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Judgment Sharing Agreements

U.S. District Judge J. Hamilton last week rejected a challenge to a sentencing agreement. Manufacturers of dynamic random access memory chips entered into the agreement in ongoing pricing disputes against them. California`s attorney general challenged the deal as a hindrance to settlement. Not like that, his honor. Lookie here (subscription required). California v. Infineon Technologies AG, 06-cv-04333-pjh (N.D. Cal.

November 29, 2007). Antitrust legislation condemns price agreements and aims to encourage private action against conspirators by automatically tripling the harms of cartels and abuse of dominance and by providing for joint and several liability. Since the Supreme Court has held that there is no right to a contribution among the offenders, a single defendant is at risk of being charged with prejudice well in excess of three times the harm caused by his own market share. Companies that are accused of price-fixing often attempt to reduce this risk by entering into judgment allocation agreements that essentially create a right to a contribution premium in accordance with the contract. Despite their pervasiveness, agreements on the sharing of judgments have received almost no scientific attention. Courts and commentators consistently praise them as a reasonable way for companies to manage risk and eliminate the perceived unfairness of joint and several liability without contribution rights. This article shows how judgment allocation agreements can undermine deterrence of cartels and abuse of dominance and prevent price agreements. Based on economic theory and empirical evidence, the article explains how judgment allocation agreements can reduce billing values, reduce compromising evidence, reduce the likelihood of success of meritorious price-fixing actions, and promote price-fixing. The article goes on to argue that the fairness arguments in favour of judgment allocation agreements (and contributions in general) are erroneous and easily refuted and, in any event, offset by the potential anti-competitive effects of such agreements. Finally, the article advocates a more well-founded treatment of cartels and abuses of dominance between judgment allocation agreements, taking into account their possible use for anti-competitive purposes.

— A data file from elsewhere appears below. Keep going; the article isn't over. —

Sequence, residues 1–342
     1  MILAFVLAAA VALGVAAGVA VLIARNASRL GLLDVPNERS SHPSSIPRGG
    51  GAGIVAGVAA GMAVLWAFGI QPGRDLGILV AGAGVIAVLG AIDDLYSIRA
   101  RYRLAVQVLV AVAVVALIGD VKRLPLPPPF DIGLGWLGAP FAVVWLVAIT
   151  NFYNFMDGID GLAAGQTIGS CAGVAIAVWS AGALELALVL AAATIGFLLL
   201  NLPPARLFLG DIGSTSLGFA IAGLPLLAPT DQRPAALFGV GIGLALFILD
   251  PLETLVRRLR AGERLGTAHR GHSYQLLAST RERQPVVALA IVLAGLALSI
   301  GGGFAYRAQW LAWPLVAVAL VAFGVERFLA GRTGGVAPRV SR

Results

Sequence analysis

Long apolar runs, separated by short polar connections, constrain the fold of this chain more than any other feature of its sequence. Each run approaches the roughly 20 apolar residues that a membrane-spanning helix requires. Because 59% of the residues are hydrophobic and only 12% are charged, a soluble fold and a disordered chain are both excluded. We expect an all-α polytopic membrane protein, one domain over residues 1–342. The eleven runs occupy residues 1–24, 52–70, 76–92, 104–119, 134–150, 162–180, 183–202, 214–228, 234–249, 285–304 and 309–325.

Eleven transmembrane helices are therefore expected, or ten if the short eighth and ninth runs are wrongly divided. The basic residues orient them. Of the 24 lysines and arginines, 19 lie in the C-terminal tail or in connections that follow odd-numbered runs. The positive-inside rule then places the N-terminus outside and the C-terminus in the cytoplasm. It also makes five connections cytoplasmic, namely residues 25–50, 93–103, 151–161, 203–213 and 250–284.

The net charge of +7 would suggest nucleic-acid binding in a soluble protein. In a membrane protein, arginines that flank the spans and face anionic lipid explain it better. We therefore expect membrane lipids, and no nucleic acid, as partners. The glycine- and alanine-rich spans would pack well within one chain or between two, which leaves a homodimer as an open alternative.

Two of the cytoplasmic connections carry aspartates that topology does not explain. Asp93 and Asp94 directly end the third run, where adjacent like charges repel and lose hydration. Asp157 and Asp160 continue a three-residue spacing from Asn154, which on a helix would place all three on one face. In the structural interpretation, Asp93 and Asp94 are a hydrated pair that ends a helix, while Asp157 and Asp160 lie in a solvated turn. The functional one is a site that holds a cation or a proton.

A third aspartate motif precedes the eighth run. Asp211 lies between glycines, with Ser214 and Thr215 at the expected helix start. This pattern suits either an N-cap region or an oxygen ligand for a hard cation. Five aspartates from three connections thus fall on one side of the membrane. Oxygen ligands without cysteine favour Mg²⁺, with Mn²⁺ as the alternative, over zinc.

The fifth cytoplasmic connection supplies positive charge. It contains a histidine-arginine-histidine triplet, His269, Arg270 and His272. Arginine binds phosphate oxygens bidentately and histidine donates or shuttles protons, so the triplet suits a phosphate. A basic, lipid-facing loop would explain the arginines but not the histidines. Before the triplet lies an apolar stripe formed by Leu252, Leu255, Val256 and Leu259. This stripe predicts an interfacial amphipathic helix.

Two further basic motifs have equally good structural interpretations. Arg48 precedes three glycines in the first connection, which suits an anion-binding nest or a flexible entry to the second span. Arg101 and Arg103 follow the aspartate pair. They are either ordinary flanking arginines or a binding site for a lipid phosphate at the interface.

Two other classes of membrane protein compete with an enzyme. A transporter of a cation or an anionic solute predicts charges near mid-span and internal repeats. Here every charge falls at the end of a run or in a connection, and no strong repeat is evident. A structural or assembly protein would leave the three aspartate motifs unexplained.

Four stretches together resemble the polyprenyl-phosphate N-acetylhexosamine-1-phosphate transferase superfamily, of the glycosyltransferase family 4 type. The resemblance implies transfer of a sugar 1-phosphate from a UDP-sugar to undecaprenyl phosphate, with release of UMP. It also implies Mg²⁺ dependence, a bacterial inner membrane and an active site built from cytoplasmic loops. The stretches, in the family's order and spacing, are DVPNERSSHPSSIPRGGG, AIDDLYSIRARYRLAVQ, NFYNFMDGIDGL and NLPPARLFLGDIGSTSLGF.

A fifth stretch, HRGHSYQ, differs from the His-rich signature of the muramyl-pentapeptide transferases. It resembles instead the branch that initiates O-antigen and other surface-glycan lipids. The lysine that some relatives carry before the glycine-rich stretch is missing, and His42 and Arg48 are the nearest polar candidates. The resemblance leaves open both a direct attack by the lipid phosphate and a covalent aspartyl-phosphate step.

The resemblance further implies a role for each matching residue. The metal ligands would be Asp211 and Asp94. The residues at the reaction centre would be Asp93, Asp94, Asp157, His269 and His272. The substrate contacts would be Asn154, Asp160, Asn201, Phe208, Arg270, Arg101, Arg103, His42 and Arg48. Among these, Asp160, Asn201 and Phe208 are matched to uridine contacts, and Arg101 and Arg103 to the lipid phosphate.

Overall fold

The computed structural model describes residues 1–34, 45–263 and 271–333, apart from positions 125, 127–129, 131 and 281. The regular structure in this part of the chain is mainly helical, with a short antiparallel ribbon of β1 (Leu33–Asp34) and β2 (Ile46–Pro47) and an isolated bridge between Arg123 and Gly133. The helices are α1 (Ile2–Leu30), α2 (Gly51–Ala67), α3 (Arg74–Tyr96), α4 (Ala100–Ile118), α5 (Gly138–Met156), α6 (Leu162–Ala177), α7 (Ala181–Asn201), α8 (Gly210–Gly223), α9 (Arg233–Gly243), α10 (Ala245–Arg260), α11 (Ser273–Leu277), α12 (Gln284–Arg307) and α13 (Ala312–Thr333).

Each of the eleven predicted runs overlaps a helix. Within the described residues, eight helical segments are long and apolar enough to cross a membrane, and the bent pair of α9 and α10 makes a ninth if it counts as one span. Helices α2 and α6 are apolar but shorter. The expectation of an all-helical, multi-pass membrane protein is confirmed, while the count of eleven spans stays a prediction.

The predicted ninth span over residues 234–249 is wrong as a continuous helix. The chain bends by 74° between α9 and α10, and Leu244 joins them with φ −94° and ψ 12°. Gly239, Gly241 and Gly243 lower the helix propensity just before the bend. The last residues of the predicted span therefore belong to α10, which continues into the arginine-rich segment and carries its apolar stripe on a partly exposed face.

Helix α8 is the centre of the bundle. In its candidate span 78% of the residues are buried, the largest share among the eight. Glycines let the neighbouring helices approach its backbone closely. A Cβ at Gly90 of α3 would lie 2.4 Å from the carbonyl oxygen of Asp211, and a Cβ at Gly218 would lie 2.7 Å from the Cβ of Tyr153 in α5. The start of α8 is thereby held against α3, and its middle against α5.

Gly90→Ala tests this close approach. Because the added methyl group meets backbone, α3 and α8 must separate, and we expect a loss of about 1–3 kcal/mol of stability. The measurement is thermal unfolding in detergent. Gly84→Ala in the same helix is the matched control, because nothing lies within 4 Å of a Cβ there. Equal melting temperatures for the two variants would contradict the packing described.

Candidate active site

Blawgletter agrees. The DRAM agreement on the sharing of judgments complicates the settlement in that it encourages the accused to tighten their elbows and not to separate them. But it does so rationally and, above all, a little illegal. Second, it emphasizes, for the defendants in the cartels and abuse of dominance, the potential benefits of the inclusion of a judgment allocation agreement after the filing of a dispute.



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